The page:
Around 75% of people will experience back pain at some point in their lives, and spinal stenosis accounts for many of those cases. Back pain and any other symptoms that co-occur with it can cost you your sick days at work, hours of sleep, or enjoyment of your leisure time. It can also be challenging to manage especially if you’re not sure what causes it.
Haddis T. Hagos, MD, and Brent Earls, MD, of Pain Management Associates LLC in Greenbelt, Maryland, are up to the challenge for treating your spinal stenosis so you can thrive at any age. Spinal stenosis happens when your spinal canals get narrower and compress the spinal nerves within. Using advanced diagnostic imaging tests, Dr. Hagos and Dr. Earls pinpoint the source of your symptoms and develop a suitable treatment strategy.
Here, they help you learn about spinal stenosis, the conditions that cause it, and the treatments that can restore your spinal health.
Spinal stenosis isn’t a condition itself. It’s a term for what happens when nerves in your spine are compressed because of the narrowing of the passageways in your spine. It typically happens in high-stress areas of your back like your lower back or neck: Spinal stenosis in the thoracic spine is far less common.
Many conditions and injuries can tighten the passageways in your spine and leave less space for the nerves to pass through. Our interventional pain management experts at Pain Management Associates LLC look for signs of:
Any of these conditions or injuries can cause inflammation further compressing nerves in your spine. Many people experience spinal stenosis due to wear-and-tear damage related to osteoarthritis, a condition that worsens over time.
Many people assume spinal conditions like spinal stenosis will primarily cause back pain, but this isn’t necessarily the case. While you might experience some pain or discomfort in your neck or low back, other symptoms of spinal stenosis depend on the specific nerve being compressed.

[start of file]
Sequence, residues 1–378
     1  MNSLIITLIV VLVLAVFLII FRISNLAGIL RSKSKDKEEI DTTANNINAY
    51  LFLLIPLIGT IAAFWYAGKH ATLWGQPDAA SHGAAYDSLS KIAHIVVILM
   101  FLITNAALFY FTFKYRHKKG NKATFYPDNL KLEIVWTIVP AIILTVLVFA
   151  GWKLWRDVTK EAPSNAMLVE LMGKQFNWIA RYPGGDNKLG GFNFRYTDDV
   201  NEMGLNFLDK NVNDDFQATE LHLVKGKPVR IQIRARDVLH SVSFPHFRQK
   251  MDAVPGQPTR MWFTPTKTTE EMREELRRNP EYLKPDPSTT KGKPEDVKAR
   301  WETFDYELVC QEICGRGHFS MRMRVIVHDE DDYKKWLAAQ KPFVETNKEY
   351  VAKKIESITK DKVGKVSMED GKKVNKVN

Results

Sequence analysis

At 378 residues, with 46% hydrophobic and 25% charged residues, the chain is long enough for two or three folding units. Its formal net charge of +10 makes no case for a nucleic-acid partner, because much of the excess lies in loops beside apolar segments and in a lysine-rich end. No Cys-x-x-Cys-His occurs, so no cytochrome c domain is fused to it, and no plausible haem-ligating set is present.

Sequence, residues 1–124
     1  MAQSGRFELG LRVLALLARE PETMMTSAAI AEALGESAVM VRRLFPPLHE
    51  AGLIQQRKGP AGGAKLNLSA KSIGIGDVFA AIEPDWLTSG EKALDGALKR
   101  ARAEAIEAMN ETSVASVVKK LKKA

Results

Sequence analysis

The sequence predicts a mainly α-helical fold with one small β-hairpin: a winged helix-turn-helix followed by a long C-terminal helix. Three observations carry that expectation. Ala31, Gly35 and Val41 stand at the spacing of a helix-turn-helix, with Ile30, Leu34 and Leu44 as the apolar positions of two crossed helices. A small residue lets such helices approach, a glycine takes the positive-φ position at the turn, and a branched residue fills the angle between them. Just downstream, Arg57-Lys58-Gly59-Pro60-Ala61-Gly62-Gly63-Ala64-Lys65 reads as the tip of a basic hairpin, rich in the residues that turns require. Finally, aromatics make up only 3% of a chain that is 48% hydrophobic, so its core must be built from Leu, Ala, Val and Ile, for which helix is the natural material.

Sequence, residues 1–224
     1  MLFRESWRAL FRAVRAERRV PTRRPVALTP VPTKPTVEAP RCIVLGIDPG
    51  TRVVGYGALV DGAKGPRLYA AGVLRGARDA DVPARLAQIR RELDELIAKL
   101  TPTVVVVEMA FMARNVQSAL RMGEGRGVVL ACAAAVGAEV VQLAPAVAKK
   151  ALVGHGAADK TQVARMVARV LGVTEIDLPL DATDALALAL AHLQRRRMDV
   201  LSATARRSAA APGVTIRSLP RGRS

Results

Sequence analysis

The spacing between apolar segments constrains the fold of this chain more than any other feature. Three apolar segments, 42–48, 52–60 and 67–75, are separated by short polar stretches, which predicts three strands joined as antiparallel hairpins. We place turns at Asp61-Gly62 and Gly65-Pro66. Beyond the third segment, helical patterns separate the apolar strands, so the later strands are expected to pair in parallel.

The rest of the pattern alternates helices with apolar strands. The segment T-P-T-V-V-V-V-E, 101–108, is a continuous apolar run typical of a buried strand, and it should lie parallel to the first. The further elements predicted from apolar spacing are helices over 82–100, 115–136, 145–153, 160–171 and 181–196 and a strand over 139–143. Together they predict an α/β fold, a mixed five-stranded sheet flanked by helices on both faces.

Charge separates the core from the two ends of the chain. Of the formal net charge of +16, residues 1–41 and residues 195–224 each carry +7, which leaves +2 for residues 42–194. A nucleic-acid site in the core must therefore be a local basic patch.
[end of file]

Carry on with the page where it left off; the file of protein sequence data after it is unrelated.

Every nerve exiting your spine travels to some other part of your body. Some are motor nerves that control movement while others are sensory nerves that detect sensations like pain or touch. Our experts can identify the location of your compressed nerves based on your symptoms, including:
Cervical spinal stenosis compresses one or more nerves in your neck, many of which supply your arms and hands. If the spinal stenosis is in your neck, you might experience shooting pain down your arm, a weak grip, numbness or tingling in your arm and hand, or neck pain.
Lumbar spinal stenosis originates in your lower back, or lumbar spine. Many of the nerves there travel to your legs. Aside from pain in your lower back, lumbar stenosis can cause trouble walking or balancing, leg pain, or leg numbness.
Lumbar stenosis can also lead to sexual dysfunction for some people or sciatica, a type of pain that radiates down the sciatic nerve along the back of your leg.
Our interventional pain management experts specialize in treating spinal stenosis according to its cause, location, and severity. After thoroughly evaluating your symptoms and overall spinal health, the team typically starts with conservative treatments like anti-inflammatory medications and physical therapy.
If your symptoms persist, several pain management procedures come next. Our specialists might recommend:
All of these treatments are minimally invasive with little or no downtime so you can return to your day-to-day activities immediately.
Call our office today or request an appointment online at Pain Management Associates to identify the cause of your spinal stenosis symptoms and to learn more about the advanced spinal treatments we offer.